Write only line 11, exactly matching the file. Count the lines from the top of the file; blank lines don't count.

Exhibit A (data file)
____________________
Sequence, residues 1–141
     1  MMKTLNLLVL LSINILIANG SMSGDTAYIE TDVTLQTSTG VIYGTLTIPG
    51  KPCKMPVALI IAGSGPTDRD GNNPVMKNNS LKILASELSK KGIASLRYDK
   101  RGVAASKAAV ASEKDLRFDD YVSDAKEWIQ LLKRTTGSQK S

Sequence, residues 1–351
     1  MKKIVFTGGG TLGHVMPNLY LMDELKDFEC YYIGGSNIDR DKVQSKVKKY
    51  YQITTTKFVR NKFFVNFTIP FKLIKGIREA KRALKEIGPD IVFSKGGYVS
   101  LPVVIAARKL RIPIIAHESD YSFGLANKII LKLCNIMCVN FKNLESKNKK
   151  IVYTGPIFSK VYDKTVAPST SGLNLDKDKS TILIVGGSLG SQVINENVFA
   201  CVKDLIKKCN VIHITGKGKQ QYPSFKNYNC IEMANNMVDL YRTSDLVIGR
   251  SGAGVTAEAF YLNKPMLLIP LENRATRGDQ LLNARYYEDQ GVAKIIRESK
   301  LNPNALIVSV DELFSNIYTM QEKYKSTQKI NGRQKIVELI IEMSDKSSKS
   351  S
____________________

   251  SGAGVTAEAF YLNKPMLLIP LENRATRGDQ LLNARYYEDQ GVAKIIRESK